Half of young people say they’re not 100 per cent straight
More of us are identifying with a sexuality between gay and straight
Nearly half of us said we’re not completely straight, according to a new national study.
A YouGov survey of 18-24 year-olds found just 46 per cent said they were totally straight and six per cent exclusively gay.
The survey of 1700 people asked them to plot themselves on a sexuality scale.
And unsurprisingly the figures shot up to 72 per cent who identified as completely straight for the rest of the British public.
For young people, a massive 22 per cent described themselves as predominantly heterosexual and only incidentally homosexual.
Meanwhile 13 per cent said admitted they were mostly straight but with a slight interest in the same sex.
Just three per cent said they were bisexual, being equally interested in both genders.
Four per cent said they were mostly homosexual, and only incidentally interested in the opposite gender, while six per cent were totally homosexual.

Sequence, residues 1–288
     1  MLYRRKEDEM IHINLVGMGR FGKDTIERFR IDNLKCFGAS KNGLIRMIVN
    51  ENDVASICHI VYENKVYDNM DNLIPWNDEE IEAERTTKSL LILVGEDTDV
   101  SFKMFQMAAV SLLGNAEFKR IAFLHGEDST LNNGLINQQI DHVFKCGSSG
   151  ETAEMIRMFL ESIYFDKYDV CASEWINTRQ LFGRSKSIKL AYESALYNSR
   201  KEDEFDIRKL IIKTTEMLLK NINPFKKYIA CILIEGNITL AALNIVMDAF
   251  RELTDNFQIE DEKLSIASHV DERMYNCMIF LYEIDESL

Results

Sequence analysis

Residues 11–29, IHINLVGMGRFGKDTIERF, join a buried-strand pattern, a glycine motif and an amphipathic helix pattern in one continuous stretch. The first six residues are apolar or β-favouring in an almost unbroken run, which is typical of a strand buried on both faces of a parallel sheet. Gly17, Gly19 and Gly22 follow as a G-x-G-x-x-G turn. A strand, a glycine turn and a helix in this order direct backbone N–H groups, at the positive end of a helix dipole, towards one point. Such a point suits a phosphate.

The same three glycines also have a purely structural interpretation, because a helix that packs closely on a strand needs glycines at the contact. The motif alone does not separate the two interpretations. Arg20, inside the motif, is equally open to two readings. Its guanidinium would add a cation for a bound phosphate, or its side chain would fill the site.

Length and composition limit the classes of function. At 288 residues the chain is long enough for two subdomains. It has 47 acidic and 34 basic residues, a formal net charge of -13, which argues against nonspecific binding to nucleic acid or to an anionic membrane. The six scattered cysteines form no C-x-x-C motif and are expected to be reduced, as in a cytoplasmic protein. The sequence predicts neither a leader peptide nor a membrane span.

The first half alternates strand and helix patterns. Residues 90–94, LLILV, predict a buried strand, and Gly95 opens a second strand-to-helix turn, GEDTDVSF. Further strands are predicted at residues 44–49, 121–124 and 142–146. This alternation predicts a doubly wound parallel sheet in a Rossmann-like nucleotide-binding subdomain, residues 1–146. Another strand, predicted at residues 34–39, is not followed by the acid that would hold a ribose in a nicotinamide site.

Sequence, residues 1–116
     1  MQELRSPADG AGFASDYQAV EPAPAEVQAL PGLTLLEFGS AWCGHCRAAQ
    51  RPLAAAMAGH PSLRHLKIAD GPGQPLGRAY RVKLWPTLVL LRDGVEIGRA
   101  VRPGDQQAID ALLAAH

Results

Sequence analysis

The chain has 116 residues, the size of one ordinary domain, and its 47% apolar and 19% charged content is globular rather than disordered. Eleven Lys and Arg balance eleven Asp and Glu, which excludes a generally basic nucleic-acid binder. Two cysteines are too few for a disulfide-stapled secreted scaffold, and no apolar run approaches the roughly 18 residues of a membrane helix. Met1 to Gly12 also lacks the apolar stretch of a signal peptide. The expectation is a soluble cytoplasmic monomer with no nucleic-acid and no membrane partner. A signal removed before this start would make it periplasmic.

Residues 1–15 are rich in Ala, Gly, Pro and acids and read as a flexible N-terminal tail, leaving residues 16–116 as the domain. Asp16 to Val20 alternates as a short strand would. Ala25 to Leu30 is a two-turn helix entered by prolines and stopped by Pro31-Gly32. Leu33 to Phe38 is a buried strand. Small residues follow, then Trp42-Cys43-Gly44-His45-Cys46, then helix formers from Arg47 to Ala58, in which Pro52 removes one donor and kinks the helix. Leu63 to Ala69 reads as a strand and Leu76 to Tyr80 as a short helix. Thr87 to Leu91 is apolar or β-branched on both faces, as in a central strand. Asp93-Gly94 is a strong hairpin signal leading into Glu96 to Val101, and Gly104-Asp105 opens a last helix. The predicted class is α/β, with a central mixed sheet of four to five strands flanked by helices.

The survey of nearly 1700 people was based on a measure of sexuality called the Kinsey scale.
This scale ranges from the exclusively heterosexual at zero through to the exclusively homosexual at six.
Most people agreed that sexual orientation exists in some form of stages, rather than being entirely one or the other or being a choice between straight or gay.
In the survey, 60 per cent of heterosexual people support this idea as do 73 per cent of those who are homosexual.
Just 28 per cent of straight people believe that “there is no middle ground – you are either heterosexual or you are not”.
In terms of gender, 1.5 per cent of men are they’re gay and 0.7 per cent of women say the same.
As for bisexuality, women took the lead at 0.5 per cent compared to just 0.3 per cent of men.
3.8 of women said they didn’t know about their sexuality, as did 3.5 per cent of men.
Speaking on the topic, Charlotte Dingle – editor-in-chief of Biscuit – told Pink News: “Women are increasingly viewing their own sexuality as fluid.
“I believe that the old definitions of ‘gay’, ‘straight’ and ‘bi’ are increasingly irrelevant in a society in which an individual’s sexual and gender identity is becoming more and more complex and diverse.”